Convection heating eliminates common shrink-wrapping defects – AND much rework


In today's competitive market, where perfect work done "just in time" is the expected norm, the cost for rework, setup time, downtime, materials, and downright ugly product coming out of a shrink wrap systems is starting to get attention. Based on research with hundreds of users, we found that many problems centered around appearance defects such as dog ears, wrinkles, fish eyes, burn-outs, and hazing, caused largely by variations in tunnel temperature and air turbulence.

Tunnel can create or cure a multitude of problems

After several years of studying shrink wrapping technology and correlating users' observations, a common denominator emerged: shrinking the film uniformly is key to the process. In fact, a uniform shrink job can make even a poorly wrapped pack look good, but even a well-wrapped and sealed pack will come out looking sloppy after a poor shrink job. "Uniform" shrink generally means that the entire film bubble reaches the same temperature at about the same time, without the bubble being "blown" into contact with the package before it has a chance to shrink naturally.

Most users find it very difficult to achieve this with a forced-air tunnel. Forced air creates an unstable environment in the tunnel, then relies on the operator's ability to determine settings that produce a good pack. With its heat source outside the tunnel chamber, there is an inevitable time delay (beyond operator control) between when the element cycles on/off and when the effect is felt in the chamber. So, the temperature inside constantly varies ±7-8°F around the setpoint, even in a well "tuned" tunnel. Variations of as much as ±15°F are common, and during these peaks and valleys, bad packs are often produced. Air currents in a tunnel can also cause a film bubble to contact the package prematurely, freezing the film and causing dog ears and wrinkles. Dog ear is caused by non-uniform shrinking – as the center of the bubble starts to shrink first and faster, the dog ear areas lag behind and thicken so quickly that they never shrink completely.

Convection cooking is perfect for food – why not shrink wrap?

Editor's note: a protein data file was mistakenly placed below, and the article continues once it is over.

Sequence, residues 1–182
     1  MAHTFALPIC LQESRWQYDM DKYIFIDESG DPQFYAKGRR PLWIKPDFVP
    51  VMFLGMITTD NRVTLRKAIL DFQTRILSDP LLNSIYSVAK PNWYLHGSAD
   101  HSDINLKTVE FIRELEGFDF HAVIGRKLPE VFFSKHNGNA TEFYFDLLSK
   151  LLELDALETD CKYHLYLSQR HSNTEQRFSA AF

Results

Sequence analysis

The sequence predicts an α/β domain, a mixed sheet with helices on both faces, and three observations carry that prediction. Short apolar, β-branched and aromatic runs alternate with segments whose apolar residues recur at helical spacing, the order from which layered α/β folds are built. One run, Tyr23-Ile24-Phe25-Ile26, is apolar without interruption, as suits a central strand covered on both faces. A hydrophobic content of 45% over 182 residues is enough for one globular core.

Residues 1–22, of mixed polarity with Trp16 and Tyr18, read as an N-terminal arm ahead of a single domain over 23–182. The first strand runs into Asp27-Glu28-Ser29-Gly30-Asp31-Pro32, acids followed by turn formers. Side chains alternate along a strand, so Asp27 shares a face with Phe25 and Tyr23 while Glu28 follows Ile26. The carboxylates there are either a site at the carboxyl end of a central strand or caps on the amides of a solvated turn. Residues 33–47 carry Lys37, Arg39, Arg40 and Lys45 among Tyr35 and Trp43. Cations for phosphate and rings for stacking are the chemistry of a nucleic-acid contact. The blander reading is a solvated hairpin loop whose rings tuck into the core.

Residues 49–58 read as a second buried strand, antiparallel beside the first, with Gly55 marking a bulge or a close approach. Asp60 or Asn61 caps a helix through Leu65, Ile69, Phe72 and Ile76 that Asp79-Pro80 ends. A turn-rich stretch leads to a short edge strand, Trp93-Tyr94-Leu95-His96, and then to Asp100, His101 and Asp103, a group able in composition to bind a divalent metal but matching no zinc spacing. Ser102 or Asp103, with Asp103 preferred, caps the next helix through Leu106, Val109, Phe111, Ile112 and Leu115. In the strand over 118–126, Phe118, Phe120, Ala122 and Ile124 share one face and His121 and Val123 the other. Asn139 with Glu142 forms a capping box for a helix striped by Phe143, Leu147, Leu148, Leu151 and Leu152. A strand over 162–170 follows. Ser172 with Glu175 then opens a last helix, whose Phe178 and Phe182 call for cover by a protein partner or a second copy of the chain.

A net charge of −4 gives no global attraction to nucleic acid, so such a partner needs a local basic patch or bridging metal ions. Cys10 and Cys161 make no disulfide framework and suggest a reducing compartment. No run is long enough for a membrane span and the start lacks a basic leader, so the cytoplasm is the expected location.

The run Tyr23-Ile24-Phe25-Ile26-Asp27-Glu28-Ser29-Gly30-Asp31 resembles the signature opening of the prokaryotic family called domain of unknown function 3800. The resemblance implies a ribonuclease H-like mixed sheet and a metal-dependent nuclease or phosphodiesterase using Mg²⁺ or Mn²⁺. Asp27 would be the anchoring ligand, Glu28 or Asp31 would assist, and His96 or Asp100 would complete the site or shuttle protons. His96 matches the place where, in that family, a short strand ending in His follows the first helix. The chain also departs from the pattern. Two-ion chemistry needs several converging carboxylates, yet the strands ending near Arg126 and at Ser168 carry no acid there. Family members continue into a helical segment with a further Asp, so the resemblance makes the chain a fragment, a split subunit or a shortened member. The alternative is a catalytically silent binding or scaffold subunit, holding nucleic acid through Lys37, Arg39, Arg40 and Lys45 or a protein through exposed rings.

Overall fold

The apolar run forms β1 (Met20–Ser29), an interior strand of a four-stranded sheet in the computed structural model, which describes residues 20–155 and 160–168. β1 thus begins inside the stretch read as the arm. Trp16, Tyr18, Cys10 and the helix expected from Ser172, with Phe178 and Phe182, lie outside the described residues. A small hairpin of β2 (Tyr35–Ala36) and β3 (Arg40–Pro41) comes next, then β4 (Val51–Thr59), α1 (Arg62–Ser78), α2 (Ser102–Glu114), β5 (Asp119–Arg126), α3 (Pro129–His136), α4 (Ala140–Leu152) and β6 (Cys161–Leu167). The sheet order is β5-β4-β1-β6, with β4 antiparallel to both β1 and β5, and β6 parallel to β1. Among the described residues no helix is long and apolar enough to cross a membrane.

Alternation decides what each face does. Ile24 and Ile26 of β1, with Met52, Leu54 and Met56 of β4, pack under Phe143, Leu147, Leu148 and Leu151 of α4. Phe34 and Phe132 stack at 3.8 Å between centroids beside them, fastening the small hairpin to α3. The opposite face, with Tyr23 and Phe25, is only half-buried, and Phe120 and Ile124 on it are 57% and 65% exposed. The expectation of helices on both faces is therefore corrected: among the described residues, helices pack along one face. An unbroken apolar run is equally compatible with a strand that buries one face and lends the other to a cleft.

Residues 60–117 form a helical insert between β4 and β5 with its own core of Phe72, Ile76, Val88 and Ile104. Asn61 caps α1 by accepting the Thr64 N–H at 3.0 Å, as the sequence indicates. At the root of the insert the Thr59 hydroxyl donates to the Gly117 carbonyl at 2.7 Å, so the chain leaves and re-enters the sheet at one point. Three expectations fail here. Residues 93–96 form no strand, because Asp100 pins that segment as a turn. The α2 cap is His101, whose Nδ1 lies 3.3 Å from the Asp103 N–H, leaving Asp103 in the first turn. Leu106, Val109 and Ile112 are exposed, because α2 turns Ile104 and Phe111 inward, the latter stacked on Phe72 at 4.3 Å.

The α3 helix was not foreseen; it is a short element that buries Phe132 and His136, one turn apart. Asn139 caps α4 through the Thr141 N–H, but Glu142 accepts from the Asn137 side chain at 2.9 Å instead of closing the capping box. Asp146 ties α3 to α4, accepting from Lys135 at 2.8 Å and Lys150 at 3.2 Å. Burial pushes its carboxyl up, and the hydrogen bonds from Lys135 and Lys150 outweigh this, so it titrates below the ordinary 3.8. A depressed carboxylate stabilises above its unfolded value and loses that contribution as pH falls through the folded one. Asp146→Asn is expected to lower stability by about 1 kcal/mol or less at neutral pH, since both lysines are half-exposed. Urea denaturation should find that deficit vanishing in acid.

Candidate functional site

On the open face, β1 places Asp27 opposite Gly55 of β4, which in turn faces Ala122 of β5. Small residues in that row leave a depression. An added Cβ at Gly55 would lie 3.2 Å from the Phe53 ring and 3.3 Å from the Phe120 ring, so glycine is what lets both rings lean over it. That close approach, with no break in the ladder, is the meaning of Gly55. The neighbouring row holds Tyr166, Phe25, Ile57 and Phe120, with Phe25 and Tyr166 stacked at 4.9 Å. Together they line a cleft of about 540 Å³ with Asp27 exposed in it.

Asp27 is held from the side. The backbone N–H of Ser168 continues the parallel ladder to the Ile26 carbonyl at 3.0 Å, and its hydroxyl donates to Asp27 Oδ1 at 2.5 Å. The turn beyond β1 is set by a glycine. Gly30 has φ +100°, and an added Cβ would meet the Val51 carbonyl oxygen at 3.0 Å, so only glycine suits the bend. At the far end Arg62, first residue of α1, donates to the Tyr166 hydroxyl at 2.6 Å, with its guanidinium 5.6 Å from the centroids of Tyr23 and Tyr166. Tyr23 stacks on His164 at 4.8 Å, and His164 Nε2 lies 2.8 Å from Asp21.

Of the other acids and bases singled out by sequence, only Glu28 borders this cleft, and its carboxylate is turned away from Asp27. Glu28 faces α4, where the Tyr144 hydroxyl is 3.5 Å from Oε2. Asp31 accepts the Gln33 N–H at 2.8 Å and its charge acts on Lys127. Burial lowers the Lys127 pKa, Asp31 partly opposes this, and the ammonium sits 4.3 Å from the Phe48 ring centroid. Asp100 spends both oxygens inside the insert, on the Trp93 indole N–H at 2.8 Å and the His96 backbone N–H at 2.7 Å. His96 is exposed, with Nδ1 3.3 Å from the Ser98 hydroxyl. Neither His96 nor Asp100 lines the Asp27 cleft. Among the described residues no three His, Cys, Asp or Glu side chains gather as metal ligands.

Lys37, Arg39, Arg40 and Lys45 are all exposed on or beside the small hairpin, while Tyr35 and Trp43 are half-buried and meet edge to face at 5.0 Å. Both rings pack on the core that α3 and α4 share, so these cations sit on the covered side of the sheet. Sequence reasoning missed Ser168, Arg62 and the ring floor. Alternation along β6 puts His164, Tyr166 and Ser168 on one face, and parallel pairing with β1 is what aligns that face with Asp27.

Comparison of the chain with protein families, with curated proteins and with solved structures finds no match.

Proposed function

If the objective for a shrink tunnel is uniform "cooking," then what is considered best-technology in the food-preparation industry? That's the thinking that led to the development of convection heating for shrink tunnels. Convection cooking was developed because it subjects the product to a perfectly uniform, constant temperature, top to bottom in the oven, from entrance to exit. No hot spots, no cold spots, no air blasts to blow cheese off the pizza.

Shrink convection tunnels are shorter and work at a lower operating temperatures than conventional designs. In practice, convection produces ideal results on packages of any shape that can be passed through the chamber, even poorly wrapped packages.

Convection tunnels can even do things that are impossible with forced-air designs. For example, a package can actually be re-shrunk, if it does not quite shrink completely on a first pass. This is simply not possible with a forced air tunnel, because once the film has been pushed against the pack by the air stream, it remains frozen there. Convection tunnels are also so uniform in temperature that they can even shrink a pack if the film bubble develops a hole. In a forced-air tunnel, if a hole develops in the film bubble during the shrink process, whatever the position the film was in at that time is how it will finish shrinking.

The convection tunnel starts with a chamber shape designed to promote uniform heat and air circulation throughout. There are no inlets or discharge ports for air. Heating elements are inside the chamber, exposed beneath the transport belt, with low-speed propeller fans below the elements. Thus, the packs are exposed to some direct radiant heat as well as the hot air circulating in the chamber. The fans gently circulate hot air throughout the chamber to transfer heat efficiently and evenly to the film bubble, while never "pushing" on the bubble. Air circulation is the minimum required, ensuring quiet operation, too.

Heating elements inside the tunnel allow very quick response to temperature change. The convection tunnel holds its setpoint temperature within ±2°F, and can be operated around 280°F for polyolefin film, which is about 70°F less than a typical forced-air tunnel would use for the same film.

Setup for a convection tunnel is intuitive. The operator sets the conveyor speed slightly faster than the wrapper speed, then determines the optimum temperature by observing the behavior of the film bubble through a unique ViewWindow – just set a temperature that causes the film bubble to peak and start shrinking as the pack passes over the riser bar.

Custom results with commodity films

New machinery technology IS the answer for shrink packagers, not custom films. Users can enjoy the cost advantage of using commodity films, while still achieving efficiency and quality that, until recently, were unattainable or required special films.

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